Ransomware gangs are abusing a zero-day in EntroLink VPN appliances

Multiple ransomware gangs have weaponized and are abusing a zero-day in EntroLink VPN appliances after an exploit was released on an underground cybercrime forum at the start of September 2021.

The zero-day is believed to impact EntroLink PPX-AnyLink devices, popular with South Korean companies, and used as user authentication gateways and VPNs to allow employees remote access to company networks and internal resources.

An exploit targeting these devices was released last month, on September 13, 2021. The exploit, initially sold on another forum for $50,000, was released for free by the administrator of a newly-launched cybercrime forum in what appears to be a promotional stunt meant to raise the site's profile among other cybercrime groups.


Image: The Record (supplied)

According to the forum post, the exploit is still unpatched, exploits a network protocol, and grants remote code execution with root-level access to PPX-AnyLink devices.

The post also describes the bug as an input validation issue and that the exploit is self-contained and only needs a few seconds to compromise a device.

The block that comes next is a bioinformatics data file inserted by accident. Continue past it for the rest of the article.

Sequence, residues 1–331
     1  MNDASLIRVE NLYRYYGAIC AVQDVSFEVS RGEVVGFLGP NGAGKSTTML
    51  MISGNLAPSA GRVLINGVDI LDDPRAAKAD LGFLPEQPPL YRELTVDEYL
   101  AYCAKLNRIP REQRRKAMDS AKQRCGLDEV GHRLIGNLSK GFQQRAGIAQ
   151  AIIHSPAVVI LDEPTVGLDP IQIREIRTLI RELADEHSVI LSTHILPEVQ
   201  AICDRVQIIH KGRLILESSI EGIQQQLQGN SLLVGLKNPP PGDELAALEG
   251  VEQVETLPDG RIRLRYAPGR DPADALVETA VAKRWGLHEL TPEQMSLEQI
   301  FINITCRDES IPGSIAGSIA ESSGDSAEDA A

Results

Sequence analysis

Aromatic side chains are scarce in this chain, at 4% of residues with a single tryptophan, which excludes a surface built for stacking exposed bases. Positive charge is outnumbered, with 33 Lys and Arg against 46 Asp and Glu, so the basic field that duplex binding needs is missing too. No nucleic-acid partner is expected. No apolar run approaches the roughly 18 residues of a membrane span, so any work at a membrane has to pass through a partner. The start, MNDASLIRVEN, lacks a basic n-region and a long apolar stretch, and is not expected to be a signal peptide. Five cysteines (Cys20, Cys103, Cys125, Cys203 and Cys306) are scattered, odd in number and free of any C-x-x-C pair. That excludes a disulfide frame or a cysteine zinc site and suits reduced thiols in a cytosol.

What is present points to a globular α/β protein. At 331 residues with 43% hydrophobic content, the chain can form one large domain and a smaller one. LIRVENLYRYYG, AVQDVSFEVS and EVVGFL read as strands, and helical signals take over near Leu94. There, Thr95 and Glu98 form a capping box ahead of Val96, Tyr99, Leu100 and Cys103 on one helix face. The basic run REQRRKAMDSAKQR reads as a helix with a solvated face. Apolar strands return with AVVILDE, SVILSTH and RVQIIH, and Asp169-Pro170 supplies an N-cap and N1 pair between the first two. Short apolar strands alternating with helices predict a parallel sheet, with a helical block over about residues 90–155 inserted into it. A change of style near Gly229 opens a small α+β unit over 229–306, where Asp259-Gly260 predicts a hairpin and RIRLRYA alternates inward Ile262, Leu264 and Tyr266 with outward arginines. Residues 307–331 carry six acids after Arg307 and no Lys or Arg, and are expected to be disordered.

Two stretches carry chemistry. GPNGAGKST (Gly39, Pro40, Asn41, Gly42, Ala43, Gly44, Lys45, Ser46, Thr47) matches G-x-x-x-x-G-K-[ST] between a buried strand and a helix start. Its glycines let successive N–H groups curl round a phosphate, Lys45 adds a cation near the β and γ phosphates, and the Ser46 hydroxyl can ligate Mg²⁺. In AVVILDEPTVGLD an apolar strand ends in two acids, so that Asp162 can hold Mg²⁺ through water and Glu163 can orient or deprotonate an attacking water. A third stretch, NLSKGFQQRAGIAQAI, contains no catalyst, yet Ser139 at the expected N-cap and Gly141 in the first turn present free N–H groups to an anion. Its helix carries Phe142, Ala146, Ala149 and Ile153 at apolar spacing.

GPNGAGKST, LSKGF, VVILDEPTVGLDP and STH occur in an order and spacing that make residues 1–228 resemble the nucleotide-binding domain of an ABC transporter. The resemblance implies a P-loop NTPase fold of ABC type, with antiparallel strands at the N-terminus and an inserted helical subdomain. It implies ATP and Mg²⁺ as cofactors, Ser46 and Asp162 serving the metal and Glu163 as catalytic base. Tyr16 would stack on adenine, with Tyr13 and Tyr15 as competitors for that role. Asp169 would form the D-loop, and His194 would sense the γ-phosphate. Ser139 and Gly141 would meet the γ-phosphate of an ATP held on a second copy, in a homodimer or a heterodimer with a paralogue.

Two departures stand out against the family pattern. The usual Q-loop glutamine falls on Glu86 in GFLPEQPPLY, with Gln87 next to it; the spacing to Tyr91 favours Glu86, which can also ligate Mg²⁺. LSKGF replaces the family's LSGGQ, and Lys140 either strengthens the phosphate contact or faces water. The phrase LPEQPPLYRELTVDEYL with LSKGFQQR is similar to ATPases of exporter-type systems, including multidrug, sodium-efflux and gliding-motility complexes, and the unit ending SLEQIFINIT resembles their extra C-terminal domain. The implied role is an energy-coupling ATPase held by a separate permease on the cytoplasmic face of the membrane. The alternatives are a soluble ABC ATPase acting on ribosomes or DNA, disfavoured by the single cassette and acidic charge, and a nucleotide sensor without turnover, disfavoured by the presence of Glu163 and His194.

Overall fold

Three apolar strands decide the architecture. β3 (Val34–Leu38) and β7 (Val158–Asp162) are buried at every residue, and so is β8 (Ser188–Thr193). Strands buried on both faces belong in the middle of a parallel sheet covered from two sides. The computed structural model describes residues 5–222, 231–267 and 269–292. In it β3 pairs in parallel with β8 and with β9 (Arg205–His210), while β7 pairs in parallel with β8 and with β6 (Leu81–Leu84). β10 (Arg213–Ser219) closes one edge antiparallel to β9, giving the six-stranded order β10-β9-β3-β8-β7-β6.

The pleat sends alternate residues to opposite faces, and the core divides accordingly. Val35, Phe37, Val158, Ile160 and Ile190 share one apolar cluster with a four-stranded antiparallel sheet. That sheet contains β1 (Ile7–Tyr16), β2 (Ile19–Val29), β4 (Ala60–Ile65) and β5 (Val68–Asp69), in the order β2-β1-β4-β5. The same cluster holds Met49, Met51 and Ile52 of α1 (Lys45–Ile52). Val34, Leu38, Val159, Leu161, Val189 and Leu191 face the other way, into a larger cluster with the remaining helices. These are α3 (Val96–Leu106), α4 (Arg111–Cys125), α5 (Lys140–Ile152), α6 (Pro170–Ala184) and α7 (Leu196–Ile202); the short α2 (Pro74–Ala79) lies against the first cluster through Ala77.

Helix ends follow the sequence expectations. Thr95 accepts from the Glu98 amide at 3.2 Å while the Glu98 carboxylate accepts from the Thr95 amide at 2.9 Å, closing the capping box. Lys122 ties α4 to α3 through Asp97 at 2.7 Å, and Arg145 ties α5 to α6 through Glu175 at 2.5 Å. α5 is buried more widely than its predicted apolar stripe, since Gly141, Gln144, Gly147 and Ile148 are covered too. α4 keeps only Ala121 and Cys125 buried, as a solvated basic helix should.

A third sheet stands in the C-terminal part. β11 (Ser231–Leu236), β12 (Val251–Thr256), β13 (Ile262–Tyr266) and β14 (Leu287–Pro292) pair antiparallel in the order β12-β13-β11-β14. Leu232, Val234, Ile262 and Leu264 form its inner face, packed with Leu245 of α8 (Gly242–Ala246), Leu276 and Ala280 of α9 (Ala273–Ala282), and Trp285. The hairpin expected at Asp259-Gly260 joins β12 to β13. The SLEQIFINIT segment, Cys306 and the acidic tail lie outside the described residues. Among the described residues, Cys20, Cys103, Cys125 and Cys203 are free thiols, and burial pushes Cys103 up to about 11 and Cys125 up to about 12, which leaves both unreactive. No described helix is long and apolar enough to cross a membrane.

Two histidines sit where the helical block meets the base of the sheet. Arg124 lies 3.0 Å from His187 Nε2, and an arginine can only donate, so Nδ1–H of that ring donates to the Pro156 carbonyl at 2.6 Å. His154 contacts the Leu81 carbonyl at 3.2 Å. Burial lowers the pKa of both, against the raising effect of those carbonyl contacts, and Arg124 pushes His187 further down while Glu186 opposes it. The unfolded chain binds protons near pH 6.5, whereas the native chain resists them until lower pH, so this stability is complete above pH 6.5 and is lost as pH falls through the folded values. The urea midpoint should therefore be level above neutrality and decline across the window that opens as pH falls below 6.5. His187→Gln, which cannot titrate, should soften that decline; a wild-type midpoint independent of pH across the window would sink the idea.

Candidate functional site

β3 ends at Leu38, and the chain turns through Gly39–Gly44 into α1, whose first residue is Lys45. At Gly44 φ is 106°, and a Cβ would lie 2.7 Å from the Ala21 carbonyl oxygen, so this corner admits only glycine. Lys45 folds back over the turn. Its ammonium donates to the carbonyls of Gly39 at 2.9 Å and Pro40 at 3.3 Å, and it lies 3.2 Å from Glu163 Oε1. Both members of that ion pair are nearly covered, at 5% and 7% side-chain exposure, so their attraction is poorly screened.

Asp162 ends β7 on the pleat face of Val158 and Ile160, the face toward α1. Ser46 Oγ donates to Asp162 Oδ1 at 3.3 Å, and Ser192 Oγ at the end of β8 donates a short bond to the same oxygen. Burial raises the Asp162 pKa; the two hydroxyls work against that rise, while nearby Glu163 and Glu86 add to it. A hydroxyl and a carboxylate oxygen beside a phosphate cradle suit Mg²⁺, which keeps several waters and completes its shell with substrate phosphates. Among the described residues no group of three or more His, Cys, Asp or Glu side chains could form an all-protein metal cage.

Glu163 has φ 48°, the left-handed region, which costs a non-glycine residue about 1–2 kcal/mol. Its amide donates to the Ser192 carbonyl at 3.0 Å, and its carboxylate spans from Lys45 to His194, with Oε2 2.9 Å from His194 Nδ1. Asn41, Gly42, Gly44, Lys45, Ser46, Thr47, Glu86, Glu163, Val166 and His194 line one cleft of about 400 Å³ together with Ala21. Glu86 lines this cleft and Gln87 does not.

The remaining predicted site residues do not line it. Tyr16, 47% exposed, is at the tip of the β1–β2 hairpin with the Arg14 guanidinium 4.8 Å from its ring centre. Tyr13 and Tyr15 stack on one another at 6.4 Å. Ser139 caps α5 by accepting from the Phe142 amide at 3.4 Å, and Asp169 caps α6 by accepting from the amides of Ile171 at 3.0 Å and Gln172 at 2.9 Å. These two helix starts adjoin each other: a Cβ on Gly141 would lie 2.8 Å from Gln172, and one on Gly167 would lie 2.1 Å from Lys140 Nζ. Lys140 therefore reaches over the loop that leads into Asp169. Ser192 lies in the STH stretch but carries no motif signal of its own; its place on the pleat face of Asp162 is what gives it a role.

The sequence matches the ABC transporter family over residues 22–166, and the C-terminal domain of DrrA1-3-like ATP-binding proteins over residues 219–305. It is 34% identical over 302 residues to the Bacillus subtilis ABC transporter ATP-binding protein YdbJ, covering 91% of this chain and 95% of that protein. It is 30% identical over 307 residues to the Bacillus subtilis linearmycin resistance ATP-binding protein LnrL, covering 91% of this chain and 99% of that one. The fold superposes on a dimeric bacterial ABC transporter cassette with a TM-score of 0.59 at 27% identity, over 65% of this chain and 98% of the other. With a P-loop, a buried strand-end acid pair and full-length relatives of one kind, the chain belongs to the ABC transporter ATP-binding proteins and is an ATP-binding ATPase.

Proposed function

Since the exploit's release, affiliates for the BlackMatter and LockBit ransomware operations have been linked to possible intrusions where this exploit might have been used, according to a researcher who is currently tracking and investigating ransomware attacks.

EntroLink, the South Korean networking vendor, was notified of the exploit's release by the security researcher.

The company did not engage with the researcher, and it also did not return a request for comment sent via email by The Record last week. During a phone call, a company spokesperson also refused to connect this reporter to a company representative responsible for product security.

The EntroLink PPX-AnyLink exploit now becomes the 54th zero-day vulnerability that ransomware gangs are currently known to abuse, according to a tracker managed by security researchers Allan Liska and Pancak3.

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Catalin Cimpanu

Catalin Cimpanu

is a cybersecurity reporter who previously worked at ZDNet and Bleeping Computer, where he became a well-known name in the industry for his constant scoops on new vulnerabilities, cyberattacks, and law enforcement actions against hackers.